Of the many stories percolating in NewsCutland this week, the one that never seemed to make much of a blip outside of Hollywood and a few others places was filmmaker George Lucas’ revelation that Hollywood was skittish about his Red Tails film project because (a) it’s a mostly black cast and (b) there’s not a foreign market for it.
“It’s one of the first-all black action pictures ever made,” Lucas told Jon Stewart this week.
Lucas might be playing it straight, or he might be a genius businessman, reminding the country that anyone interested in civil rights and equal acting opportunity, should drop what they’re doing and buy a ticket to his film, even if people don’t like action movies.
That puts people in a bad spot because the film might not be very good, and who’s deserving of movie charity?
The website Shadow and Act calls it a likely “castor oil movie.”
The simple fact, and I’ve said this several times before, is that NO ONE sees a film out of duty or obligation. People see a movie because they WANT to.
People went in droves to see The Devil Inside last weekend despite horrible word of mouth and terrible reviews because they wanted to.
When Tambay asked a few weeks ago what films people were most anxious to see in 2012, films like The Hunger Games, Django Unchanged, Prometheus and The Hobbit were named by all the commenters. I can’t really recall anyone saying Red Tails.
And from what I’ve always seen, even the most ardent “castor oil” supporters encouraging people to go out and see the films never even watch the films themselves. They always seem to find some sort of excuse.
Lucas hints that if the movie flops, black actors not named Cuba Gooding Jr., might never get another shot in Hollywood.
Writing on his Facebook page this week, Kemp Powers, a senior news producer at Yahoo!, takes the Lucas interview with Stewart apart, and finds plenty of evidence that it’s simply a bad film:
The most annoying part of the entire interview is when Lucas calls the film “one of the first all-black action films ever made.” Even Jon Stewart seemed genuinely surprised when he made this assertion. That’s probably because it was simply false, and it shows that Lucas doesn’t watch movies that have black casts. Did Ice-T and Wesley Snipes duking it out in “New Jack City” back in 1991 simply pass over his head? How about Reggie Rock Bythewood’s “Biker Boyz”? “Rosewood”? “Black Dynamite”?? Did Spike Lee’s “Miracle at St. Ana” (which I didn’t like) not count? Or the Ice-Cube/Sam Jackson actioner “xXx: State of the Union,” because it was a flop? And what about the increasing number of impressive films being made outside of the Hollywood studio system starring all-black casts? Brazil’s “City of God.” Zaire’s “Viva Riva!” Was “I Am Legend” a black action film, since Will Smith was the only human being in three-quarters of the movie? I don’t know the answer to this question, because what really even constitutes a “black” film is open to debate. And while I’m sure many would love to just accept any extra admitted oppression a benevolent billionaire is willing to admit to, the reality is that black people inside and outside of Hollywood have been getting some things done. And as any person of any race in Hollywood can tell you, getting any little thing done in this town is a big deal. Times are still tough, but don’t dismiss those achievements as nonexistent.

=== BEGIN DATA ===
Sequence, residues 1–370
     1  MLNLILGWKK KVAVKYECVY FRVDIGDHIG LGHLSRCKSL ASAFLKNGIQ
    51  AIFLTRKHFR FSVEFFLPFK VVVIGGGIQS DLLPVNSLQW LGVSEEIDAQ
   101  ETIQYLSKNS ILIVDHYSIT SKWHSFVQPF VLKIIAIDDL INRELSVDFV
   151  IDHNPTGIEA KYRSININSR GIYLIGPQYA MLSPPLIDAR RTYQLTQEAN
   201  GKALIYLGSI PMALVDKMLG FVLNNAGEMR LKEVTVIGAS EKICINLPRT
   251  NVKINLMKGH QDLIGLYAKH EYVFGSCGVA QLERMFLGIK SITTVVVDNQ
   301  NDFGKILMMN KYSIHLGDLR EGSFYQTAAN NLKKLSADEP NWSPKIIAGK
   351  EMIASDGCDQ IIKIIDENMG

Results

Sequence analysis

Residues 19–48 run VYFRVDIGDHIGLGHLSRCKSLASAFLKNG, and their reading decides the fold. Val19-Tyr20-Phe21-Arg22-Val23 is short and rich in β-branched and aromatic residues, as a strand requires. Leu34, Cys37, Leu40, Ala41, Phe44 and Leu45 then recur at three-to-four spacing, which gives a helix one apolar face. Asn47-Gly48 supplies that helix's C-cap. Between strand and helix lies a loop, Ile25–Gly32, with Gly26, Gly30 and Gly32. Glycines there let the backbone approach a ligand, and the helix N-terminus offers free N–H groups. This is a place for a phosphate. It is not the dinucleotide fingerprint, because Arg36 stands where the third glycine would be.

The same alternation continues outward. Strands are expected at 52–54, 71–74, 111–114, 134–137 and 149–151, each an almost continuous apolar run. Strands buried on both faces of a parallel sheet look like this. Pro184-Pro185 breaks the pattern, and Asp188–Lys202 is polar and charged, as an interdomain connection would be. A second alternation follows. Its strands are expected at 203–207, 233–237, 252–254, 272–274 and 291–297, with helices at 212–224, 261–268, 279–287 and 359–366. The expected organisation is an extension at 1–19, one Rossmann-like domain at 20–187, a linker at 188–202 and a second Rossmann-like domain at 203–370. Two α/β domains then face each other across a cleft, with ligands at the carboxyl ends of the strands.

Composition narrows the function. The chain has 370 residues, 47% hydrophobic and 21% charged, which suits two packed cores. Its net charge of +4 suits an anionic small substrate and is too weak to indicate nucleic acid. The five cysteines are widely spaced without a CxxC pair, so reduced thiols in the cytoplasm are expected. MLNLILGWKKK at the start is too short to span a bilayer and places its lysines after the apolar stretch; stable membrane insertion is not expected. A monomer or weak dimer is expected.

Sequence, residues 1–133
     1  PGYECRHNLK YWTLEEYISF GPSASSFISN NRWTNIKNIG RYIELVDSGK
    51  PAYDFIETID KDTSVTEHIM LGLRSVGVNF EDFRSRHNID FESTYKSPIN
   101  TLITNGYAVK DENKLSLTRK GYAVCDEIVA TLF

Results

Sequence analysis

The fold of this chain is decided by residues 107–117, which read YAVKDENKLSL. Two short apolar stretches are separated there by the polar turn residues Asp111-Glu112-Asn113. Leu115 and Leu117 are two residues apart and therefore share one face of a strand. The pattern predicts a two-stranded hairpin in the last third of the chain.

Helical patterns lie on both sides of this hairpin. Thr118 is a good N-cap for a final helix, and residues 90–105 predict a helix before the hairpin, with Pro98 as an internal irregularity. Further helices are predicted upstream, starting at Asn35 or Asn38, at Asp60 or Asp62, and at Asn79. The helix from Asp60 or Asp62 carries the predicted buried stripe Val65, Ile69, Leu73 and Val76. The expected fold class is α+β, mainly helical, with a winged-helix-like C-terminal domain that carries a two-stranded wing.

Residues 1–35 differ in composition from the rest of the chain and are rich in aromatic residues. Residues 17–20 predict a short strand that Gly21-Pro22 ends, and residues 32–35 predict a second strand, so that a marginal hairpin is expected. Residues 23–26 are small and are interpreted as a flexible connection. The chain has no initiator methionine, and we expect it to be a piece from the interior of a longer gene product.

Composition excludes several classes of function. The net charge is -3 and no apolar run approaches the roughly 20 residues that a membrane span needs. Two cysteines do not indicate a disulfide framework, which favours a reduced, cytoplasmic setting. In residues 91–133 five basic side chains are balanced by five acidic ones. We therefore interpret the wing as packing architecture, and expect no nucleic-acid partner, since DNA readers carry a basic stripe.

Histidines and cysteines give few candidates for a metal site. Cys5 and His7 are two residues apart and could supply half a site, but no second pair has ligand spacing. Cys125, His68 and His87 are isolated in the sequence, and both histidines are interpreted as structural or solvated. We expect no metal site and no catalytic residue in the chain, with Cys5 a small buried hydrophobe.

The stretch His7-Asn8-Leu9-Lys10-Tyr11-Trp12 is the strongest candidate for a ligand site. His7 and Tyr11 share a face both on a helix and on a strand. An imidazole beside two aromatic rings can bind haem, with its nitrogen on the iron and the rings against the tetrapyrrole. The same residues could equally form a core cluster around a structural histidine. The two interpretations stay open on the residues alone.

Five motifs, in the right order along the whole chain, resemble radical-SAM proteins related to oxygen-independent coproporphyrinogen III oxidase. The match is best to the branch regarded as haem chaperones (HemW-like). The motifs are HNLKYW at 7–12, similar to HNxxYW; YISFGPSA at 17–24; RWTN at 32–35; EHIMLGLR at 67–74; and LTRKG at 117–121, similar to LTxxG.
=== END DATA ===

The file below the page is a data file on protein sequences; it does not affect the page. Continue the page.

I hope my ranting doesn’t come across as sour grapes. As I said at the start, I am going to see “Red Tails.” On opening night. It’s what I do for most black films not directed by Tyler Perry, regardless of the positive or negative buzz. I saw “Bamboozled” on opening night in a theater with no more than 12 people total, and was proud to do so. The makers of “Red Tails” have my support already. However, my support is not enough, and I can’t in good conscious champion to anyone who isn’t black what seems to be nothing more than a derivative, cut-rate, effects-driven action film. I hope with all of my heart that it surprises me and defies my every expectation. And if it is a great film, I hope the word of mouth will help the film generate some success. But that success will have to be despite the fact that everything about the trailer, marketing and promotion of the film points to another case of cinematic mediocrity being sold to an audience that feels guilted into rather than genuinely excited about seeing it. You don’t sell action films to a wide audience based on moral obligation. And if it really is important, we deserve better. I should be excited to visit the cinema on the 20th, not grudgingly shelling out my money with the same disdain as when I took my son to see “Garfield.” And I definitely shouldn’t be wondering how much fun the audience watching “Haywire” in the next theater is having.
Kemp, an African American, says “you don’t sell an action movie to a wide audience based on moral obligation.”